• - Varies according to students needs
  • - Focuses on appropriate educational experiences

16
Principles for Building a Learning Community
17
Requirements for Creating Culturally Compatible
Classroom
Determination and Desire to Establish a Strong
Student-Teacher Relationship with Each Student
In Depth Knowledge of Different Cultural Groups
Abilities and Strategies To Build Bridges Between
the Community Culture and School Culture

?
?
Culturally Compatible Classroom
Extensive Variety of Instructional Strategies
?
?
18
What are the Steps to Designing Culturally
Responsive Instruction?
  • (1)Defining Learning Goals
  • (2)Question Traditional Concepts
  • (3)Understand Student Diversity
  • (4)Select Materials and Activities
  • (5)How do I prepare to use culturally responsive
    instruction?

19
(1) Define Learning Goals
  • What do students need to know about
  • The history of diverse groups?
  • Structures of discriminating and stereotyping
  • Patterns of communication and interaction within
    and among different cultural groups

20
(2) Question Traditional Concepts
  • Have traditional Ways of Organizing the lesson
    obscured, distorted, or excluded certain ideas or
    groups?
  • How might a change in this lesson affect its
    relation to the rest of the curriculum?

21
(3) Understand Student Diversity
  • What kinds of diverse perspectives and
    experiences will students bring to the class?
  • How can I assess students prior knowledge of
    race, class, gender, etc.?
  • How can I incorporate diverse voices without
    relying on students to speak for different
    groups?
  • How will my own characteristics and background
    affect the learning environment?
  • Will some students see me as a role model more
    readily than others?
  • How can I teach to all students?

22
(4) Select Materials and Activities
  • Is there a new thematic approach to this material
    that will help to foreground cultural diversity?
  • How do I integrate new material so that its not
    simply an add-on?
  • What teaching strategies will facilitate student
    learning of this new material?

23
(5) How do I prepare to Use Culturally Responsive
Instruction?
  • What are my strengths and limitations relative to
    the new content and teaching techniques?
  • How will I access student learning in the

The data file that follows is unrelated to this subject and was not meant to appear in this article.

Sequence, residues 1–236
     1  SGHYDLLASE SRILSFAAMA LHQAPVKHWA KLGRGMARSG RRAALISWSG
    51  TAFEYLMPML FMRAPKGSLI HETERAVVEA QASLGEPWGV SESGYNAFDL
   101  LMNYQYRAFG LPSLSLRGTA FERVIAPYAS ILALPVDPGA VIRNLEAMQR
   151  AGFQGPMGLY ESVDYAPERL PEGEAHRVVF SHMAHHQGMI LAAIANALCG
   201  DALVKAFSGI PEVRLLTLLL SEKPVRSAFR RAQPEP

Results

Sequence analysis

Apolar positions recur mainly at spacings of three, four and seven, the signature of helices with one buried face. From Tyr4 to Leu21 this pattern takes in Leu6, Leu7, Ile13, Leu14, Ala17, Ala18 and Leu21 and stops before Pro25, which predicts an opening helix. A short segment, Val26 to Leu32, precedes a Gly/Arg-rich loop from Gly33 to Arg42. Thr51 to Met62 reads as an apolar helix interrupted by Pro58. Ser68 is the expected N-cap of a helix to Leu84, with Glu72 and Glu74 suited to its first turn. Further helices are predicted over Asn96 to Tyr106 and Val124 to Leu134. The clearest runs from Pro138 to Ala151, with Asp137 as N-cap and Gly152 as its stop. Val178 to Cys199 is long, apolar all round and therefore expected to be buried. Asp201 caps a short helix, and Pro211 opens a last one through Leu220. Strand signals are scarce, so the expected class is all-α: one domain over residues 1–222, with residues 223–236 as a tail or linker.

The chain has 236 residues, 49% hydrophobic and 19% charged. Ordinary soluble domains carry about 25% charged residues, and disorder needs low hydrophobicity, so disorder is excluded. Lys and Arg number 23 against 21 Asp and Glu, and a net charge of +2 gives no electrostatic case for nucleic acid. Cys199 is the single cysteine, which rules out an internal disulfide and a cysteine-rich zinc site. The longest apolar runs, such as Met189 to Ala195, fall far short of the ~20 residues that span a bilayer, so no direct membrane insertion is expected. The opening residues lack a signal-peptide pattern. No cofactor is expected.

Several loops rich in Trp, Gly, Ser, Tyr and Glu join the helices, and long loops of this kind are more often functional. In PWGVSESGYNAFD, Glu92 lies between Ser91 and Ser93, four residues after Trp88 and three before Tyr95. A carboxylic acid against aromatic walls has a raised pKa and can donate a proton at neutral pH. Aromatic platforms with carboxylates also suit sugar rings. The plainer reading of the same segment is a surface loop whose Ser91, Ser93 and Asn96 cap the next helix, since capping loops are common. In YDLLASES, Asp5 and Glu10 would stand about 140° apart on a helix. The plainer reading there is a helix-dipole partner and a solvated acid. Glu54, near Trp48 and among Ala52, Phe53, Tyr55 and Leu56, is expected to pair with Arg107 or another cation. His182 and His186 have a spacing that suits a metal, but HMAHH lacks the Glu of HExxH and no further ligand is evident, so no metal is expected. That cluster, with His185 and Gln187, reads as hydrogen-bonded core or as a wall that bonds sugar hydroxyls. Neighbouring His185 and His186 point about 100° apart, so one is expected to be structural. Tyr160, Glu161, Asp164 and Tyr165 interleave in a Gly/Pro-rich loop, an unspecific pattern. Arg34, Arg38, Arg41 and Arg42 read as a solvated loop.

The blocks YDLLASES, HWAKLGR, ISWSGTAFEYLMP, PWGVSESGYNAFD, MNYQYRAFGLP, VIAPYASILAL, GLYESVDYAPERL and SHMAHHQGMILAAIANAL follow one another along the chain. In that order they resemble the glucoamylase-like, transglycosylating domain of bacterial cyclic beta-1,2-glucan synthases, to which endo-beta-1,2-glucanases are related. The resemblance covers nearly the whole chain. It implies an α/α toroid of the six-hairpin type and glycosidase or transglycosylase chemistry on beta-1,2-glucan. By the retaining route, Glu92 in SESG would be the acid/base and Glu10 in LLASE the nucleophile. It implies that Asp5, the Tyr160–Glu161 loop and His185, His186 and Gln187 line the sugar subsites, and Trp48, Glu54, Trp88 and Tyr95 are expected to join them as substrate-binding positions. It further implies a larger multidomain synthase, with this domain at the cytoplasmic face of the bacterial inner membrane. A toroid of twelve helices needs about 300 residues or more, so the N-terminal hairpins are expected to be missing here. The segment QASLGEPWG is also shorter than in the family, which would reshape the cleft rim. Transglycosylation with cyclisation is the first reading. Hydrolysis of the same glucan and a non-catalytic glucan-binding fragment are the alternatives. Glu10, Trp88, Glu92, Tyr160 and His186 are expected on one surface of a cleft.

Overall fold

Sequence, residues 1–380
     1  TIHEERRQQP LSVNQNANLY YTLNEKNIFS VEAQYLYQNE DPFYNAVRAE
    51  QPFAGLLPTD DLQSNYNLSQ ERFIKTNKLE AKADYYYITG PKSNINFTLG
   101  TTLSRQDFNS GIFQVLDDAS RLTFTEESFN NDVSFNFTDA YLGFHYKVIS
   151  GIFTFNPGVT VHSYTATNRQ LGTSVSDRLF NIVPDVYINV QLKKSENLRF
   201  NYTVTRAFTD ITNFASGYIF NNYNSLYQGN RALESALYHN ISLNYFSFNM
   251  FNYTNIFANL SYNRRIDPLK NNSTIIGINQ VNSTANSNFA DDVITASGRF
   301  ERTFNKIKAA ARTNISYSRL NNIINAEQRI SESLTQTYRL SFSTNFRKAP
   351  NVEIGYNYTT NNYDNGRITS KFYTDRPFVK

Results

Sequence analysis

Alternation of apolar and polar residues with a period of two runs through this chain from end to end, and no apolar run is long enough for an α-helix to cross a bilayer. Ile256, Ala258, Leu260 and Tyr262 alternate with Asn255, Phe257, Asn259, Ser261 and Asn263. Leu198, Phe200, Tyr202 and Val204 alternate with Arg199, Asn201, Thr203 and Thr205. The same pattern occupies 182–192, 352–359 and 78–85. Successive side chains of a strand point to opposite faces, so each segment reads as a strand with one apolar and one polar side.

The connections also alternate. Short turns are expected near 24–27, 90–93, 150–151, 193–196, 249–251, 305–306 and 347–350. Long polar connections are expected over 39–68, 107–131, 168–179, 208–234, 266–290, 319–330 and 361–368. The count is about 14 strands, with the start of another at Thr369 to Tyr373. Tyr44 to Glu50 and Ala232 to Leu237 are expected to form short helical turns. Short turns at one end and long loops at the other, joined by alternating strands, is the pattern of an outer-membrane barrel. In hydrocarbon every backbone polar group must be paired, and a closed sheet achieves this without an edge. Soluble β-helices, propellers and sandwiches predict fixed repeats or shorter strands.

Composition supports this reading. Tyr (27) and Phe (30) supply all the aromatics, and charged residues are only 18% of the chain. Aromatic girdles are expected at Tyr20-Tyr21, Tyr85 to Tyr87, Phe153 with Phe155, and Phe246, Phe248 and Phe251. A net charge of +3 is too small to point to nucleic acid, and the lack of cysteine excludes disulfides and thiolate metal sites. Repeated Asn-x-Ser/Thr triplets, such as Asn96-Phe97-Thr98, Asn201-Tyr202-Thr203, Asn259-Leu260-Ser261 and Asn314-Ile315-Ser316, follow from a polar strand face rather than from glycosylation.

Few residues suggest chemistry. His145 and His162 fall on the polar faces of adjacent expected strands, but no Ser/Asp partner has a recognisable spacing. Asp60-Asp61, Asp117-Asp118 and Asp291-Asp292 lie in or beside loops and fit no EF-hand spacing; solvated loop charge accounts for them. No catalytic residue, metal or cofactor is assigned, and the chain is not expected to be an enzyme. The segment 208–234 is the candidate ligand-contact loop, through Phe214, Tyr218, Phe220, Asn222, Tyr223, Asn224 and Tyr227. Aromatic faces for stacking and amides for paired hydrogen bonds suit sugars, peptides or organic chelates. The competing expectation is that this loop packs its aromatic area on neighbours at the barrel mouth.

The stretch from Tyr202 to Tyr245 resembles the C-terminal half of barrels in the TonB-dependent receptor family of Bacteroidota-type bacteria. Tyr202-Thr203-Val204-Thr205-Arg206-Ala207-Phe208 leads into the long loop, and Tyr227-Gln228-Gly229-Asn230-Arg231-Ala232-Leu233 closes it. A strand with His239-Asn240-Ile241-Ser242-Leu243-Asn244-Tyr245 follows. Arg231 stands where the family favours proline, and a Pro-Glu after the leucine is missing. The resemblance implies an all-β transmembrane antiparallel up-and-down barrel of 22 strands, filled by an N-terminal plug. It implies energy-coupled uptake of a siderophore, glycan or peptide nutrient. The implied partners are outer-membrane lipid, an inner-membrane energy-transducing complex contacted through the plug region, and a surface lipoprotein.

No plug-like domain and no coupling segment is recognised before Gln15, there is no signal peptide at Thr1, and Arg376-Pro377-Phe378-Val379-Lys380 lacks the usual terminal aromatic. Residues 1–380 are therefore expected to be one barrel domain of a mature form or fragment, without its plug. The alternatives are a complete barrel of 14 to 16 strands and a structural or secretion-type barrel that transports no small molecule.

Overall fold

culturally responsive lesson?
  • How will I handle difficult or controversial
    subjects in the class discussion?
  • What resources are available to assist teachers
    members in transforming lessons?
  • (Schmitz, 1999)

24
Lesson Objectives
  • Issues in diversity should be an inherent part of
    lesson conceptualization.
  • The course description and objectives should
    reflect the way in which the course will
    contribute to the development of awareness of
    diversity

25
Text/ Reading/ Materials
  • The readings and materials used in the lesson
    should include the interest and contributions of
    diverse populations and should reflect multiple
    perspectives.

26
Lesson requirements, Projects, and or Activities
  • Information and activities related to issues of
    diversity should be infused throughout the
    course, as opposed to isolated to a single
    session or segment of the class.
  • This does not preclude sessions that are designed
    specifically to highlight issues of diversity,
    but does suggest that this should not be the only
    means by which issues are addressed.

27
Lesson RequirementsProjects and or Activities
  • Example
  • - Interview a parent of a child with a
    disability from a different culture. Discuss
    family values, likes and dislikes. Discuss
    discipline practices used in the students home.
  • - Ask questions to help determine what are the
    parents expectations of the school, teachers and
    administrators.

28
Lesson requirementsProjects and or Activities
  • Because of variance in learning styles, it is
    important to provide varied activities through
    which the students gain knowledge or skills, as
    well as demonstrate competence.
  • For example, consider the format for which
    learning activities are presented (e.g., large
    group discussion, small group activity, reading
    assignment, simulation, performance activity,
    etc.).
  • If care is not taken to balance the type of
    activities used, students whose cognitive style
    does not match that favored by the instructor may
    be placed at a disadvantage.

29
What is a Culturally Responsive Intervention?
  • Empirically sound pedagogy
  • Uses the learners current skills to build new
    skills
  • Respects the learners culture and includes
    aspects of the learners culture into instruction
  • Involves the systematic assessment and
    instruction informed by student data (Gardner,
    Al-Hassan, Hessler, Oct., 2003)

30
Strategic Math SeriesThe Learning Strategy
Series
  • Empirically validated
  • Employs explicit and direct instruction
    principles
  • Mnemonic Strategy
  • Coleman(1999) noted positive results with three
    third-grade students (two African American male,
    one biracial male) when she utilized the
    Multiplication Facts 0 to 81 and the DRAW
    procedures to teach multiplication skills